Miss Jane Marple (Dame Margaret Rutherford) is riding on a train. Through the window of another passing train, she sees a woman being strangled by a man. The man’s back is to her so she can’t see his face, but she has a description of the woman. She reports the murder to the ticket collector. He believes she fell asleep and dreamed the incident, but he reports it to the station master.
A few days later Inspector Craddock (Charles Tingwell) comes by Miss Marple’s home to give her an update. The conclusion is there was no murder. No body was found anywhere along the tracks and no one on any train fit the description of the woman Miss Marple saw. Incensed that the inspector would think she was a dotty old spinster Miss Marple heads to the local library. The librarian, Mr. Stringer (Stringer Davis) is a friend of Miss Marple. She solicits his help in walking the railroad track looking for clues. She finds and area where it looks like a body may have rolled down the hill from the track. At the bottom of the hill is a large stone wall. On the other side is the Ackenthorpe estate. Miss Marple believes the body was later hoisted over the wall and taken away by someone on the other side. To prove her theory, she needs to be able to access the grounds of the estate.
Miss Marple gets a job as a housekeeper at Ackenthorpe Hall. The patriarch of the family is a rather rude curmudgeon named Luther Ackenthorpe (James Robertson Justice). Living with him is his harassed daughter Emma (Muriel Pavlow) and his grandson, the precocious Alexander Eastley (Ronnie Raymond). On hand are the creepy gardener Hillman (Michael Golden), Luther’s doctor Paul Quimper (Arthur Kennedy) and the housekeeper Mrs. Kidder (Joan Hickson). Miss Marple finds out that the day she saw the murder the house was full of relatives. Now her suspect pool has increased to add Luther’s sons Cedric (Thorley Walters), Harold (Conrad Phillips), Albert (Gerald Cross) and his son-in-law Brian Eastley (Ronald Howard).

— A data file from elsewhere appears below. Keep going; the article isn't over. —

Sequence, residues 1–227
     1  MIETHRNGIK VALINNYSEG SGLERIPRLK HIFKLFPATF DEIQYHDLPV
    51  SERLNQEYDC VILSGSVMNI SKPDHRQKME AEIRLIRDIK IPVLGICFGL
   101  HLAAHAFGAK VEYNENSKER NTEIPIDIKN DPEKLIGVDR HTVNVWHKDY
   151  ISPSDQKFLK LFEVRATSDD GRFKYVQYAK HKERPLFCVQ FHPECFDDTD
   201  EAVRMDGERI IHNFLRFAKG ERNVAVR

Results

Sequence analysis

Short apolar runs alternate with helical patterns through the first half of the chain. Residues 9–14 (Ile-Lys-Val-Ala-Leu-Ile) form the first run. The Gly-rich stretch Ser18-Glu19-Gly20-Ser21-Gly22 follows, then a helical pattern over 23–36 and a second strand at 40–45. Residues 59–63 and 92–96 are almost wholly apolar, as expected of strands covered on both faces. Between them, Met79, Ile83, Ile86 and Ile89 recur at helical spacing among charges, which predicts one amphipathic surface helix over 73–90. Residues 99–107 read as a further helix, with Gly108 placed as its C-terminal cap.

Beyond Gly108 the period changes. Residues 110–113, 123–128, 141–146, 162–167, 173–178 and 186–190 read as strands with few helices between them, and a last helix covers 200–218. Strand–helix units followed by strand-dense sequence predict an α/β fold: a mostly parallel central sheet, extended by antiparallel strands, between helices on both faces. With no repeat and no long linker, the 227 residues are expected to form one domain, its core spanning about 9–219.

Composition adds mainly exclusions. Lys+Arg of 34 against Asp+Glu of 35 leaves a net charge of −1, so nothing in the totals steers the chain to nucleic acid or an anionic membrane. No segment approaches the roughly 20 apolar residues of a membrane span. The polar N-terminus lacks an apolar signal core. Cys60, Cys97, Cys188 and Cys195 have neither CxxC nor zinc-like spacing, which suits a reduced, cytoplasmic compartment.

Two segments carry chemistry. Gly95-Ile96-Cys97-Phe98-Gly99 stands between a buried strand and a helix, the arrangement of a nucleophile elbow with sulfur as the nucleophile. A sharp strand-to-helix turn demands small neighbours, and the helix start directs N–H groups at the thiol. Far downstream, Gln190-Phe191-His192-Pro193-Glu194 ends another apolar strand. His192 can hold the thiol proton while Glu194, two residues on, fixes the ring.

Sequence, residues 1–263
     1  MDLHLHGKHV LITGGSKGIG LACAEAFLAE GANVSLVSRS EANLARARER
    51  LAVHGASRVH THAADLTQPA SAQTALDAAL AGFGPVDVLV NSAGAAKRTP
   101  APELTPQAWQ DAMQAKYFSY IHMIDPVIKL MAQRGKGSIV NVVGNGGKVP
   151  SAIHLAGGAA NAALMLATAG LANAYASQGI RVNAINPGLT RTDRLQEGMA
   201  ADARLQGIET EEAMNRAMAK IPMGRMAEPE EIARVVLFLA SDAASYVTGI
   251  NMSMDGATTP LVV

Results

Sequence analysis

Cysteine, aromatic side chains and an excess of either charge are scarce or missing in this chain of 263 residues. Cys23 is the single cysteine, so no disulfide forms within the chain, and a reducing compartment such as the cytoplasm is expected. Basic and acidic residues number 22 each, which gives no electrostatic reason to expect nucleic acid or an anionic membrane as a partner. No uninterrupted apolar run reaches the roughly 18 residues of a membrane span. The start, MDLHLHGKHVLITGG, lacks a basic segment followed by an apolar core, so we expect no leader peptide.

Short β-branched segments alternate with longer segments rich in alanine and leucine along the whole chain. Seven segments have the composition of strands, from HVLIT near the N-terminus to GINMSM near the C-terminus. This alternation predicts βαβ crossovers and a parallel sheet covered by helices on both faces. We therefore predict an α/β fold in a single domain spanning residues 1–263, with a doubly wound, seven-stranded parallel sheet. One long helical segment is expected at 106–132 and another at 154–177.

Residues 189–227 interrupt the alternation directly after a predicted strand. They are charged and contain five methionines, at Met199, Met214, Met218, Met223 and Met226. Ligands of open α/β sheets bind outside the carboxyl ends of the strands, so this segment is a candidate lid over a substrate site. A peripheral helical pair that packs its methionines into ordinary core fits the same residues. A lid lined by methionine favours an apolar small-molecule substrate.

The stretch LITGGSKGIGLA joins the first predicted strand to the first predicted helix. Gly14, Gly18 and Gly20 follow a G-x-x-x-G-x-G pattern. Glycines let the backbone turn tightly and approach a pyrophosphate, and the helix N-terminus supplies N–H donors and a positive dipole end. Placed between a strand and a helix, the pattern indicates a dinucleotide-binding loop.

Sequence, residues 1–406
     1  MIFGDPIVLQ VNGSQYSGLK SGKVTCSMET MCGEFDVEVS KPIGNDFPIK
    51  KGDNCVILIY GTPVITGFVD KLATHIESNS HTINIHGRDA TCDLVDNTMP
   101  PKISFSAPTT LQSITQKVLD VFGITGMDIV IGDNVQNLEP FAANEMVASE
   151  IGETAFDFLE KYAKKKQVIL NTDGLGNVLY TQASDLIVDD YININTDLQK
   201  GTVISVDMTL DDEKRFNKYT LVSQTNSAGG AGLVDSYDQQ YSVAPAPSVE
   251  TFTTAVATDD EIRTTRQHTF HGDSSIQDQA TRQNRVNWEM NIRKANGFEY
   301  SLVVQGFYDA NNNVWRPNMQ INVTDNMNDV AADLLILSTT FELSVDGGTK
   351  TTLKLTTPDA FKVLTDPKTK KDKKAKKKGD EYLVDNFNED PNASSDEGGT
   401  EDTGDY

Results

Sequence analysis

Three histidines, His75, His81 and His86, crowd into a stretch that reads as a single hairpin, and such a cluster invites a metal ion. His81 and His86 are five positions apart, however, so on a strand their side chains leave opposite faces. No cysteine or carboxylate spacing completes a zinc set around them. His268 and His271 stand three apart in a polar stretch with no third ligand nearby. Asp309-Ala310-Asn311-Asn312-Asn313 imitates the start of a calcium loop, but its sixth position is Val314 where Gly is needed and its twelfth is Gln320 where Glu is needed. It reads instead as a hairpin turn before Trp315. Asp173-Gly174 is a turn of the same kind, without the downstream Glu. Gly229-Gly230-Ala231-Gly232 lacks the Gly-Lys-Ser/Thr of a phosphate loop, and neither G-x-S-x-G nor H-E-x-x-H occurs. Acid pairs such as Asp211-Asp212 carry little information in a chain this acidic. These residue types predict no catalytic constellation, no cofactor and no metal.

Snooping around the grounds Miss Marple finds the body of the woman she saw on the train hidden in a carriage house. With proof that someone is actually dead Inspector Craddock can no longer chalk her off as crazy. Fully involved in the household workings Miss Marple puts her amateur detective skills to work ferreting out the killer and the killer’s motive for murder. But not until another murder points her in the right direction.
“Murder She Said” was released in 1961 and was directed by George Pollock. It is a comedy murder mystery and is based on Agatha Christie’s 1957 novel “4:50 From Paddington”. It is also the first of four films starring Dame Margaret Rutherford as Christie’s detective Miss Marple.
Margaret Rutherford and Stringer Davis, who plays Miss Marple’s friend and confidant Jim Stringer, were married in real life. His character was not part of Agatha Christie’s original story but was written in specifically for him. There were several changes made in the film including the added comedic tone. Agatha Christie was reportedly unimpressed with the film; however, she did dedicate her book “The Mirror Crack’d” to Dame Rutherford “In admiration”.
Rutherford takes the Miss Marple character and makes it her own. All of the Christie movies with Rutherford are fun and playful. Although she may look unassuming and prim, she is in fact razor sharp and well versed in murder and all its forms. Adaptable to almost any situation she worms her way into the middle of a case and charges headlong until she solves the crime. If you commit murder, you don’t want Rutherford’s Miss Marple to know of it.